This is one of those times when I blog in order to save something for later or to give myself time to think about something. Apparently, Google Classroom is now a thing. Joshua Kim of “Blog U” in Inside Higher Ed writes about it, or rather, what he wishes it was. Google Classroom combines elements that I have long been combining on my own: Gmail, Drive, and Docs. What is new is how Google automates workflow. In other words, if I wasn’t already using Moodle for my learning management system, the folders and files that I now sort on my own as I have students turn in work via Moodle, would be handled using Drive This is potentially less work, especially for the instructor who is currently toting paper. This is not a LMS, but is really enough for a K-12 public or private school that does not aim to make the entire learning process digital.

At first, I was ready to click that “apply for a preview” link, but thought again and decided not to do it. Moodle has superb upload/download integration for assignments and I can’t see how separating this out and placing all assignments in Drive would be helpful. Thinking about K-12 though, I see some advantages. Students would write all assignments using Docs, thus giving more uniformity in teaching and learning. If a school used this throughout, and that is its intended use, teachers and students used to paper would more easily transition to digital, not a small step, but one that would mean much for the teachers still toting stacks of papers or sorting papers in stacks in the refrigerator, as a former professor of mine did in-between marriages. A good case study to read is that of Fontbonne Hall Academy in Brooklyn.

What is notable in the narratives and sound bytes given is that learning management systems or content management systems are not mentioned. There is a whisper of a mention at time when software that is “too complicated” that ends up not being used is mentioned. Cost is also a factor. This  seem to be aimed to the holdouts—schools that either can’t or won’t transition into a LMS or schools that can’t afford a LMS, or think they can’t. Open source solutions like Moodle mean they can, but it also means having someone on-site that is comfortable with the back story: installing it, keeping up with upgrades, and making some decisions about what modules to include for their needs. Paper holdouts are unlikely at this point to have such a person (or group of people). Of course, a real transition to digital literacy would mean that the school as a whole sees the technology involved as all their business, not something to pass over to the IT guy (I guess the IT guy is never a gal). Google is handling the muss and fuss aspect that comes with open source. It is also making a lot of pedagogical decisions for the users, but to be honest, is also limiting what the environment does enough that the big decisions aren’t involved.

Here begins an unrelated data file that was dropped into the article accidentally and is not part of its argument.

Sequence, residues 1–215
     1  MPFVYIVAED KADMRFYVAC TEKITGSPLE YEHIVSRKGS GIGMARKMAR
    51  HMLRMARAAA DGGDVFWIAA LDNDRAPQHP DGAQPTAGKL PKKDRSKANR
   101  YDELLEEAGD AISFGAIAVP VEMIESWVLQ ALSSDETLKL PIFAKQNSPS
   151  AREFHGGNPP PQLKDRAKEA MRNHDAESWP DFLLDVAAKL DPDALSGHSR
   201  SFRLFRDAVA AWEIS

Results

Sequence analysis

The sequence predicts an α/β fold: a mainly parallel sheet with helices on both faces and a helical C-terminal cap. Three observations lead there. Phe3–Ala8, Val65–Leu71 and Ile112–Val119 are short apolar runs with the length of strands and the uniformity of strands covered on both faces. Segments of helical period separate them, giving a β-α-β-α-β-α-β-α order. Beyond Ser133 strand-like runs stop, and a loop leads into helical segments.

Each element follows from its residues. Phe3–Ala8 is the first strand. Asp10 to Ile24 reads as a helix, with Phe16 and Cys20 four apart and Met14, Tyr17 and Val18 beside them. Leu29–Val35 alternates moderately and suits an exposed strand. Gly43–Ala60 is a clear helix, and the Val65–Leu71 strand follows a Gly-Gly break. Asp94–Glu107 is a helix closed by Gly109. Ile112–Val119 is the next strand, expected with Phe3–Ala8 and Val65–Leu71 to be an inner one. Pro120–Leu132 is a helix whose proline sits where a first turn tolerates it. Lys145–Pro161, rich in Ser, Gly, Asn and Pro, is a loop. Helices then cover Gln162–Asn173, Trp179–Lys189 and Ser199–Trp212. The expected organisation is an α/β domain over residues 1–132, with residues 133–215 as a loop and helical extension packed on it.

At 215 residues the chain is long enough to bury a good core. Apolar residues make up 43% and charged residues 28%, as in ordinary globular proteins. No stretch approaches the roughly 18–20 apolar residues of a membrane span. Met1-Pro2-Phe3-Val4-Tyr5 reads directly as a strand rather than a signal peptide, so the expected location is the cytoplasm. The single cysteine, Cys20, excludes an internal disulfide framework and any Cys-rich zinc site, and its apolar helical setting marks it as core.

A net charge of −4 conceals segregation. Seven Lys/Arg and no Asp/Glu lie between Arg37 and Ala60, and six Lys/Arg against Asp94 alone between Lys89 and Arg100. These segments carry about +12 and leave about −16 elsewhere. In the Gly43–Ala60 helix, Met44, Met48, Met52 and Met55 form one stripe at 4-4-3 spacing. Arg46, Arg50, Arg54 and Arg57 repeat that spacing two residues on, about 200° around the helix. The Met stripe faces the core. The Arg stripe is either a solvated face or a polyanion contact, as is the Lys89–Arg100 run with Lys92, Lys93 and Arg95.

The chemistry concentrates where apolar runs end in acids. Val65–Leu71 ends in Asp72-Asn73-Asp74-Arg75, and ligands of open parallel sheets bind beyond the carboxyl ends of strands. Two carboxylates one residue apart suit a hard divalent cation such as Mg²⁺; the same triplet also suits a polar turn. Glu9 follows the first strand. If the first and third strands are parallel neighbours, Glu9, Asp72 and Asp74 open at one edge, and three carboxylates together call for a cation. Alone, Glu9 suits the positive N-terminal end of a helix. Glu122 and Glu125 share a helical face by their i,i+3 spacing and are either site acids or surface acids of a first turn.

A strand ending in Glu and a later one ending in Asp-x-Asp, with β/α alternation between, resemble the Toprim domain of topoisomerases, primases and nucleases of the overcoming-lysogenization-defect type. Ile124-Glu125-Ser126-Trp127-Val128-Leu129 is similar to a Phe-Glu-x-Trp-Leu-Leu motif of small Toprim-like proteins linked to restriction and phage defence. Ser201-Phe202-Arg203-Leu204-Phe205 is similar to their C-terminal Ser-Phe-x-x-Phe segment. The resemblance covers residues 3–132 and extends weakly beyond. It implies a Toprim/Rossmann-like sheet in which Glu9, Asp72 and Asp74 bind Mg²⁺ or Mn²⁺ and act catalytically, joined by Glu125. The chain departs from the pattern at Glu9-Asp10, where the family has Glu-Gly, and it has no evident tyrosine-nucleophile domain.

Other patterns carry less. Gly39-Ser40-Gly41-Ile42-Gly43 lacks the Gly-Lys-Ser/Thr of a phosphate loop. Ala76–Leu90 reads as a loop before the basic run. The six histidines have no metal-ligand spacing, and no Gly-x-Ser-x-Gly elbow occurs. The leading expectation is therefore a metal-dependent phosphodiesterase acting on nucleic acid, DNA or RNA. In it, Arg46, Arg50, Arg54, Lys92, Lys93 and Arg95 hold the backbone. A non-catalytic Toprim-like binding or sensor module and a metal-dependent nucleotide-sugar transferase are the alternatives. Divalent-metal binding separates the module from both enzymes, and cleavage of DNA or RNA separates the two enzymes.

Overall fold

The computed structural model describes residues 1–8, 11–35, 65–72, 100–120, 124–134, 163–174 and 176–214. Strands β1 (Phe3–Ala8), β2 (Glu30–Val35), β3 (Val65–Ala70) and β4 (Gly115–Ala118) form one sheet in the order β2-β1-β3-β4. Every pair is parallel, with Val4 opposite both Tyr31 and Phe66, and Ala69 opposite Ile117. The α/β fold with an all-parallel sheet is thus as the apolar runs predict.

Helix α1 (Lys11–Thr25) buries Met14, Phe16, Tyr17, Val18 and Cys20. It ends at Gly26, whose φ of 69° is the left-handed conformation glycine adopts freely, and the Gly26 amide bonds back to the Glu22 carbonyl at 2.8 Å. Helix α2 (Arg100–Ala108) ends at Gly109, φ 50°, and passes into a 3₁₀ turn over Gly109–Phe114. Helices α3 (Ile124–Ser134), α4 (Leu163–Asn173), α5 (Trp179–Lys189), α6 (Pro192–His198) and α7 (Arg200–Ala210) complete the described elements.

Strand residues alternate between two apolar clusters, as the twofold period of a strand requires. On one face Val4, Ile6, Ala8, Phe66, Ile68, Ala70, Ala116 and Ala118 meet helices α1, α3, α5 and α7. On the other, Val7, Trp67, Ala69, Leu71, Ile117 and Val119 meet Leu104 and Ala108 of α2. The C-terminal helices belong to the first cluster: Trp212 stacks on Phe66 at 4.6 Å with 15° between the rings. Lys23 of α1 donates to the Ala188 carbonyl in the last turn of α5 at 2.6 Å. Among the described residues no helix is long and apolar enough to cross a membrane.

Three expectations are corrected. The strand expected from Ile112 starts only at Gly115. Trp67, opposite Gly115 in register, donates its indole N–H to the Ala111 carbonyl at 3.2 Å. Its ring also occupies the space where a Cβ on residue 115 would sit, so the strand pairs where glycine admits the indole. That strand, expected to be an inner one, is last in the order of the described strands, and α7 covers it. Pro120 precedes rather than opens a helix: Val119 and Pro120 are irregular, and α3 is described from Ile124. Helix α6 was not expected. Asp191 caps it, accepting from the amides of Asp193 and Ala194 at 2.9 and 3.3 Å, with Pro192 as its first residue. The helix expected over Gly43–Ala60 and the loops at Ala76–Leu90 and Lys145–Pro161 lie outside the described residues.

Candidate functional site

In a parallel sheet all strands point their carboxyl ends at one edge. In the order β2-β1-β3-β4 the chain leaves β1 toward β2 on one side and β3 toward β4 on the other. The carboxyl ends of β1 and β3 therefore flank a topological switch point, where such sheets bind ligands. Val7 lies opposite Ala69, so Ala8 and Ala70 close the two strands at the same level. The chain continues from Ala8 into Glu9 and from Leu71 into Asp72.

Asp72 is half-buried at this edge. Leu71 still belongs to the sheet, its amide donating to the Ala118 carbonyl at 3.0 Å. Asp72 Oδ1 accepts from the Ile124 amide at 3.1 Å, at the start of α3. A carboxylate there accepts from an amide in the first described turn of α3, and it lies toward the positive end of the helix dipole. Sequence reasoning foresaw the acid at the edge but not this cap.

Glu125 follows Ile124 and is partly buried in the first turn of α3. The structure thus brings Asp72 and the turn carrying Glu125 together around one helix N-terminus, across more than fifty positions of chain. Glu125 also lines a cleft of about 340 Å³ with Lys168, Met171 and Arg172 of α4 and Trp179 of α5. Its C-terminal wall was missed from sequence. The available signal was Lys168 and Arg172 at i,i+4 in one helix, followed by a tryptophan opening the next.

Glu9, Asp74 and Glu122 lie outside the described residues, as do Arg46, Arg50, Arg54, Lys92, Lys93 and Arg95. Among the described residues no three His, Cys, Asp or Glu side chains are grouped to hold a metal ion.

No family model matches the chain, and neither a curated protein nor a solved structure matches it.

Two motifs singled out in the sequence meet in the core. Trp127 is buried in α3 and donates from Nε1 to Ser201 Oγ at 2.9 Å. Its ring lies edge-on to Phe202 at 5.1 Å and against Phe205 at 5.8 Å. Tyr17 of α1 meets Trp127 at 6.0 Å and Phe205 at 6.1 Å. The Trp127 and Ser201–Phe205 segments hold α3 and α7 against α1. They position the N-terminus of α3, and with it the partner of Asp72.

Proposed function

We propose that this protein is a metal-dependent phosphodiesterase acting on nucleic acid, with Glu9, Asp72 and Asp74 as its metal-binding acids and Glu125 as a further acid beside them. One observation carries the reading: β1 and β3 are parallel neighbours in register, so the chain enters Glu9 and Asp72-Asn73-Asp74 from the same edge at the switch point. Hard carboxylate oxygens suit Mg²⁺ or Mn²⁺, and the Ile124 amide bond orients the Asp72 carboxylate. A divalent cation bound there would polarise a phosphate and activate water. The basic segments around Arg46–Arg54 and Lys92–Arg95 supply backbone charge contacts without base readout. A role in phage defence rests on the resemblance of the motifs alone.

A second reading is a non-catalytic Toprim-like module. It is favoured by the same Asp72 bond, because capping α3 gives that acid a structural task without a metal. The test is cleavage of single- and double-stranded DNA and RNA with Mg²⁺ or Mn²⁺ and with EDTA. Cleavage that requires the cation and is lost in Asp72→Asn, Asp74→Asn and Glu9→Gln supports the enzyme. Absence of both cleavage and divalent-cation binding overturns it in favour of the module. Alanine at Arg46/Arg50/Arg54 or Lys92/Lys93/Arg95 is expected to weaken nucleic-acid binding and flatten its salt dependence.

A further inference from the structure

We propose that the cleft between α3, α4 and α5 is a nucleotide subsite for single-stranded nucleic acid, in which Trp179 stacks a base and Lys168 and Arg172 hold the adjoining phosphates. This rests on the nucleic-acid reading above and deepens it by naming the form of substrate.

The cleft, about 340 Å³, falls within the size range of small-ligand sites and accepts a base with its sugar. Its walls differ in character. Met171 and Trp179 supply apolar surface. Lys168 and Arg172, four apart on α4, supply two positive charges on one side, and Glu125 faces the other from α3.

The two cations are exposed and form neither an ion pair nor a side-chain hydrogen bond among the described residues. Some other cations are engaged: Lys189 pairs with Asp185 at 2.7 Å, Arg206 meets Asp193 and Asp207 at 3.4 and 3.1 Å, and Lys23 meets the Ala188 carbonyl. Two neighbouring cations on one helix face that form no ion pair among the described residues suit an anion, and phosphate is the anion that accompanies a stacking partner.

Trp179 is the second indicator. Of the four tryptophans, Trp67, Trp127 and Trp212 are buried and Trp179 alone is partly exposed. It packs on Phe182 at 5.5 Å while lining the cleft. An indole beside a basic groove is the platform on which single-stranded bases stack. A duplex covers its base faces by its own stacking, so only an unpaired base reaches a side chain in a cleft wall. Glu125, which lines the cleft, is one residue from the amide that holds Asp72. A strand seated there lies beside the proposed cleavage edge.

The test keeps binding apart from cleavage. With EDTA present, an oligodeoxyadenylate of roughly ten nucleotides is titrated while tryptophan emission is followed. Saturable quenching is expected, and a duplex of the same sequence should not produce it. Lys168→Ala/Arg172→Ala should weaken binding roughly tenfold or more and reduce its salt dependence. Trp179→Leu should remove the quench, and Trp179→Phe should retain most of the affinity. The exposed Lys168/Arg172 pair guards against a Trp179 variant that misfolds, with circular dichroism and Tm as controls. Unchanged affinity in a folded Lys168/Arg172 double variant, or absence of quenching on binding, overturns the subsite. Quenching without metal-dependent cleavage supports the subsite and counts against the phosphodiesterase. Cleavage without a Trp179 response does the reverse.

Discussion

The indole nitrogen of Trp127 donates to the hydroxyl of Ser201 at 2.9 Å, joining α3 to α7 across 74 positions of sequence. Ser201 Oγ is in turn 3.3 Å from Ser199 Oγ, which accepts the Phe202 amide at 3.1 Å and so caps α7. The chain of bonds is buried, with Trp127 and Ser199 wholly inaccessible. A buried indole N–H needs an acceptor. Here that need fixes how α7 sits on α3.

Now, I don’t know what using this environment is like and I’m not that likely to find out first hand. I am not the customer for Google Classroom. However, I will be looking for volunteers in my ENG 520 class to try this as an alternative to the usual final project. There are always two or three classroom teachers  in the class who, this time, might be willing to give this a shot and document it for the class. I hope they get a chance. It sounds like full rollout will be this fall, and I don’t think the beginning teachers in ENG 520 would have the influence needed to affect a whole-school decision. Let’s hope Google sticks with their usual long-beta pattern so that my writing teacher students get a chance to try this out.